DOG: A value 2-3 times above average is cz for concern. The half-life for a dog's ALT is about 3 days
Where is ALP (Alkaline Phosphatase) located? What is it an indicator of? (& at what levels is it significant?)It is membrane bound to the bile canalicular surface (stick outward into lumen). It is an indicator of CHOLESTASIS! (intra or extrahepatic) & usually it is relevant at levels greater than 4 times the RI (except in cats, where any ↑ is cz for worry bc the half-life for them is so short)
How do steroids affect alkaline phosphatase? Phenobarbital?Long term steroids and/or Phenobarbital will ↑ ALP. The steroids can be exogenous or endogenous.
Which enzyme has isoenzymes?Alkaline phosphatase
Tell me where AST, ALT & ALP are locatedAST: Mitochondria (think that the S looks like the inside of a mito)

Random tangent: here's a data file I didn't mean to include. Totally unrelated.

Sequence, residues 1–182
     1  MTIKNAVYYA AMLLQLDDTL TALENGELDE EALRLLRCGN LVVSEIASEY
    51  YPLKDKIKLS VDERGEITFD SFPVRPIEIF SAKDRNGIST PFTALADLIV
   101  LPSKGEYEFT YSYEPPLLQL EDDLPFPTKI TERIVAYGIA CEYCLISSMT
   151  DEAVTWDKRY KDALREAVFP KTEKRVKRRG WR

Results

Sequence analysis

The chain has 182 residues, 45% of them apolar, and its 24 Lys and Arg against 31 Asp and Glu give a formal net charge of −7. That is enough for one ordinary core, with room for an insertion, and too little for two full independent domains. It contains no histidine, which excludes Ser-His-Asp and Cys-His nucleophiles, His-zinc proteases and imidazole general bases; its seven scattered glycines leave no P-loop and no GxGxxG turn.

ALT: Cytoplasm (ALTernative to the intracellular AST, is the intracellular ALT)
ALP: Membrane bound to bile caniculi
Where is GGT (Gamma Glutamyl Transferase) located? What's interesting about it?It is located bound to the membrane of the bile duct epithelium. Interestingly, it is very similar to ALP
When might you want to measure GGT? Explain the method.If you want to measure hepatic lipidosis in cats, you can test both the ALP & the GGT together! If the GGT & the ALP are both elevated & the ALP is more raised than the GGT, it is very indicative of hepatic lipidosis (however, most labs dont do both bc theyre so similar)
Where is BUN (blood urea nitrogen) produced? What does it indicate?Created in the LIVER, which means that it IS A LIVER FXN ASSESSMENT